Sunday, May 27, 2012

When you know down inside that I really do

Today's post about dressing a growing girl for summer is at Toxophily.


And summer it almost is, at least by the holiday calendar here in the U.S. Happy Memorial Day, everyone!

Monday, May 21, 2012

Two ends of the spectrum

Tomorrow Archer's school is going on a field trip to Wild River Country, a water park in Little Rock. Noel often goes with him on school outings, but this one is especially important. Archer's not a strong swimmer, is highly nervous and sensitive about getting splashed, and freaks out if his head goes underwater. Not only does he need help, but he needs to be protected from his peers who might goad him into dangerous situations or tease him for his lack of ability.

But our usual way of handling this -- send Noel with him for the day -- has been foiled by a couple of time-sensitive assignments. Noel has a phone interview mid-morning tomorrow, and is flying out to New York mid-afternoon. As a chaperone, he's out.

Last week when we were on our way to dinner in the car, Noel explained to Archer that he wouldn't be able to go, and we discussed the options. Archer absorbed the conversation. Then he explained to us how he felt, and he did it this way:

"There are two ends to the situation. If you don't let me go on the trip, I'll fall off the negative end. If I do get to go, I'll fall off the positive end."

That was a cryptic way to put it. My first reaction was to ask: Ends of what? "Happiness?" I guessed. Archer paused for a long time. "Maybe," he said. I hadn't quite gotten it right.

"Well, I can go with you, big man," I offered. That seemed to be the right answer. He relaxed and said "Okay," the way he does, with finality and agreement.  When he says "Okay" with that inflection, it means: "That sets the world in a configuration that makes sense to me. I can work within the world that creates."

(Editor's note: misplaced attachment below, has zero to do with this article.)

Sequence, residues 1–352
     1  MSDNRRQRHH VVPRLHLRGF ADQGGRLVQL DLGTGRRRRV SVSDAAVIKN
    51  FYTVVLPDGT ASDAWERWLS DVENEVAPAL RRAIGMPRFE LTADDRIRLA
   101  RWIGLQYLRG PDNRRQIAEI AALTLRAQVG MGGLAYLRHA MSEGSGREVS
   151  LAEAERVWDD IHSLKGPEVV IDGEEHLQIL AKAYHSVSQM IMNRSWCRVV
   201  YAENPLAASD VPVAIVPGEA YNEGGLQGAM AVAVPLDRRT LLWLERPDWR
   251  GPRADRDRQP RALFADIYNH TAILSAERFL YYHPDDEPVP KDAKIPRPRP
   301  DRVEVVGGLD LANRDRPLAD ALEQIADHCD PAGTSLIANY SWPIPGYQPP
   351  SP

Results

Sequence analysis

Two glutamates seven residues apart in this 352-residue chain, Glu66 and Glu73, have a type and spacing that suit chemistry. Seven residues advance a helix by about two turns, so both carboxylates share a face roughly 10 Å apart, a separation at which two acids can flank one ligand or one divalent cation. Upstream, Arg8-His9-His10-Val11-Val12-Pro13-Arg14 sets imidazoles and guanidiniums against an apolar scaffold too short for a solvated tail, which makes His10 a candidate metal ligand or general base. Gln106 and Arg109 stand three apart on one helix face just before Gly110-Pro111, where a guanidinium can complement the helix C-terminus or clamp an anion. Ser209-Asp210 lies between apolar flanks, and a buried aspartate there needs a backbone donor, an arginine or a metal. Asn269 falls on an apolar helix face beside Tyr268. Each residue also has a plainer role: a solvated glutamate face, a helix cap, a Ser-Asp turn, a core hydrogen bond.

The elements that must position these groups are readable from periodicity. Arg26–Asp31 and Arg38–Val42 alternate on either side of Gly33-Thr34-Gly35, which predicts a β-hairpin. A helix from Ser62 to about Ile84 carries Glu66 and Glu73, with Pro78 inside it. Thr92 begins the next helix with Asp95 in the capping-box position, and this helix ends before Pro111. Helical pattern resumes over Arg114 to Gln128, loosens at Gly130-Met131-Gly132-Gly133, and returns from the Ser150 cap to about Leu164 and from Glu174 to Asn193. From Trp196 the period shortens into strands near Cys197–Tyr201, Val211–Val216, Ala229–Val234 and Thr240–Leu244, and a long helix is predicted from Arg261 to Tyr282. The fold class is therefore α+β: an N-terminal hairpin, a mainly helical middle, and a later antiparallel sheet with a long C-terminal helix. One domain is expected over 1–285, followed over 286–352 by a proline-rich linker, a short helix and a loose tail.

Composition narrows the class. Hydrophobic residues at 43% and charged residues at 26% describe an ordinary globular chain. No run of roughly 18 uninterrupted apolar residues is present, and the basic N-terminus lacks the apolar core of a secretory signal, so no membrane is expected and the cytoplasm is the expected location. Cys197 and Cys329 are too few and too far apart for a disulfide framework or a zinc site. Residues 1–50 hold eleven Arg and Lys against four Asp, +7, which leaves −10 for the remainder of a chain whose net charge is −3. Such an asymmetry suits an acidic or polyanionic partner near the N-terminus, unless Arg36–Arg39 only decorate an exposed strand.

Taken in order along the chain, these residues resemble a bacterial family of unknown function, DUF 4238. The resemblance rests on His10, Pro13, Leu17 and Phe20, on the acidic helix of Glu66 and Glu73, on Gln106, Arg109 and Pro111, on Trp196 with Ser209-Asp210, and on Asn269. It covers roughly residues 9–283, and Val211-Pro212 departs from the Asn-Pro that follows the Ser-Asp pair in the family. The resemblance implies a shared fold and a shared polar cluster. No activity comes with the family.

Thinking about the strange "two ends" analogy he had proffered, I finally came to an understanding of what he might have meant. I think he was saying that either outcome held dangers and anxieties for him. He wanted to go to the water park, but he didn't want to be there without one of us. In a way, unless we were there to catch him on the positive end, there was no way for him to avoid disaster.

So I'll be there. And as Archer grows and is expected by his schools and friends to be more independent, we'll have to listen carefully to find out where the ends of his spectrum are, and to make sure he feels confident he won't fall off either way.

Sunday, May 20, 2012

Or as we will always call it, Toe Sock Days

We were pretty busy two weekends ago. Then last weekend we weren't busy at all, thank goodness. Which, if you know me and how much I love my no-responsibility, no-work weekends, goes a long way toward explaining why I'm just now getting around to posting photos from our visit to the 2012 Toad Suck Daze festival on May 6.


Arrival, incognito. Well, at least the movie star among us is keeping a low profile.


First order of business: Lunch. We considered the Walking Taco, but it lacked one essential qualification.


It was not on a stick. Unlike this cheeseburger on a stick.


Time for some rides! Archer's got his ToadBucks ready.


First up, the ever-popular and picturesque carousel.


And you can't go wrong with the super slide, as Archer demonstrates.